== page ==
Last edited: Sep 17, 2003
  6. Sep 17, 2003 #5


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    "what we believe is the first direct derivation..."

    The initial paper in this line of investigation was by Martin Bojowald (over a year ago)

    "Inflation from Quantum Geometry"


    His concluding paragraph on page 4 begins:

    "In this paper we presented what we believe is the first direct derivation of inflation from a candidate for a quantum theory of gravity...Inflation with a graceful exit into a standard Friedmann phase can be regarded as a natural prediction of quantum geometry."

    The italics are Bojowald's emphasis.
    By "candidates for a quantum theory of gravity" I assume he means primarily efforts to quantize general relativity, which is a background-independent theory, but it could refer more generally to perturbative, fixed-background theories as well.
  7. Sep 17, 2003 #6


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    The abstract of the June 2002 Bojowald paper just linked is interesting:

    "Inflation from Quantum Geometry

    Quantum geometry predicts that a universe evolves through an inflationary phase at small volume before exiting gracefully into a standard Friedmann phase. This does not require the introduction of additional matter fields with ad hoc potentials; rather, it occurs because of a quantum gravity modification of the kinetic part of ordinary matter Hamiltonians.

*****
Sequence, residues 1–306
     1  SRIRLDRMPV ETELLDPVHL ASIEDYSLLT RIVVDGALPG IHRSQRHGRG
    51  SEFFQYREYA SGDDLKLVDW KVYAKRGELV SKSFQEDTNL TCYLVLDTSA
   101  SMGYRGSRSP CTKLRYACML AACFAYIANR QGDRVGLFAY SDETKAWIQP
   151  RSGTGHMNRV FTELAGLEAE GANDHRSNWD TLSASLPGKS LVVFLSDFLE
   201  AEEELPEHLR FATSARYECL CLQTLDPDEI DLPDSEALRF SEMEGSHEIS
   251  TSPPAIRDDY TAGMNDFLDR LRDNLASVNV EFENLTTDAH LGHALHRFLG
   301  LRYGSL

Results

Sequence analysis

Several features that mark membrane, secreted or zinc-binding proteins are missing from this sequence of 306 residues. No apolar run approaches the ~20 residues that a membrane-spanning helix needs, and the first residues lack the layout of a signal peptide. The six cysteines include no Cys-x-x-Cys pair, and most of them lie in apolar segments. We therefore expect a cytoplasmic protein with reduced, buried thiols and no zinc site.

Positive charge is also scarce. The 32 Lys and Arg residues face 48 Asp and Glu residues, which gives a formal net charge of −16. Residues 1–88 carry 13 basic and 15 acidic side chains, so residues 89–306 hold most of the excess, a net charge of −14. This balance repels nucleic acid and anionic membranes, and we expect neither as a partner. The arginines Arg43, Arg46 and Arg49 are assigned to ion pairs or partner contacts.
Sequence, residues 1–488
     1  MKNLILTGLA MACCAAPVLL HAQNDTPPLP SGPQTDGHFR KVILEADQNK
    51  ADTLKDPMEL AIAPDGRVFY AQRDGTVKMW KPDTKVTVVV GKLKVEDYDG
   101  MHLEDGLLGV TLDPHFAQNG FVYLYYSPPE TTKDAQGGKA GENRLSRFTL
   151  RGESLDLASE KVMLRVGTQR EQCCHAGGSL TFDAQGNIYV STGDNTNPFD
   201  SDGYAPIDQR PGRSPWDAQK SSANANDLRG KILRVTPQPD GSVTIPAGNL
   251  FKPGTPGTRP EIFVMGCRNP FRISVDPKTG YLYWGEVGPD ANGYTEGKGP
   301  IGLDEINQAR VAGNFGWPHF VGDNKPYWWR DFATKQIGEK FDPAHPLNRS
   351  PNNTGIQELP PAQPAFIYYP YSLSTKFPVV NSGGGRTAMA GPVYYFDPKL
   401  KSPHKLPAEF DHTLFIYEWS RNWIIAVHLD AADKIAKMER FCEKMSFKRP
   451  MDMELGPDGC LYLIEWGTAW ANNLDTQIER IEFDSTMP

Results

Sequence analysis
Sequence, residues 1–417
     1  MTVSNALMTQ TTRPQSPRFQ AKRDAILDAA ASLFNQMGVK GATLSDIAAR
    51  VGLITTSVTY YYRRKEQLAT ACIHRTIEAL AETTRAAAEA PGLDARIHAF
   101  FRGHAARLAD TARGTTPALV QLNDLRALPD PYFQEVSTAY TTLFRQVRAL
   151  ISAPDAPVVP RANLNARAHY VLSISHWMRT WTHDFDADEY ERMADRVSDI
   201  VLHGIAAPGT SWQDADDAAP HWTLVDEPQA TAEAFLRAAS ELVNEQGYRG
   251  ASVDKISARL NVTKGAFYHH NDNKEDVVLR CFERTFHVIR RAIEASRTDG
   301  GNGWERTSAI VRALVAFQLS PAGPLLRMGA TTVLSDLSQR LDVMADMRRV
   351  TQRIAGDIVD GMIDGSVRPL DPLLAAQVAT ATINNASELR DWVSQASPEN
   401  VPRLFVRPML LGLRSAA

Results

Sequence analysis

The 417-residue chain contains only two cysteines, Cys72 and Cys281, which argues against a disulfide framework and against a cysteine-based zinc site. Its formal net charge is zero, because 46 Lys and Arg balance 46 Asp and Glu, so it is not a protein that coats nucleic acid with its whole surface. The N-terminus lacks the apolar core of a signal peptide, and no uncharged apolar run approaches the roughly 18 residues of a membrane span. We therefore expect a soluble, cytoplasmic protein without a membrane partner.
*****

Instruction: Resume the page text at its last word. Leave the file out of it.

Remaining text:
An application of the same mechanism can explain why the present-day cosmological acceleration is so tiny."

    What seems to be the key equation in this short (4 page) paper
    is equation (8) on page 3. It is a quantized form of the usual Friedmann equation which gives the square of the Hubble parameter H-----the expansion rate, i.e. a key player.

    What this equation says, in essence, is that as long as the scale factor a(t) is small, the square of the Hubble parameter H2 is proportional to a9
    So the expansion rate H is proportional to a9/2
    By elementary differential calculus one can indeed solve
    for a(t) to see how it behaves at very early times while it is still small and it turns out to behave as if it had a "pole" at some early time t0 and were proportional to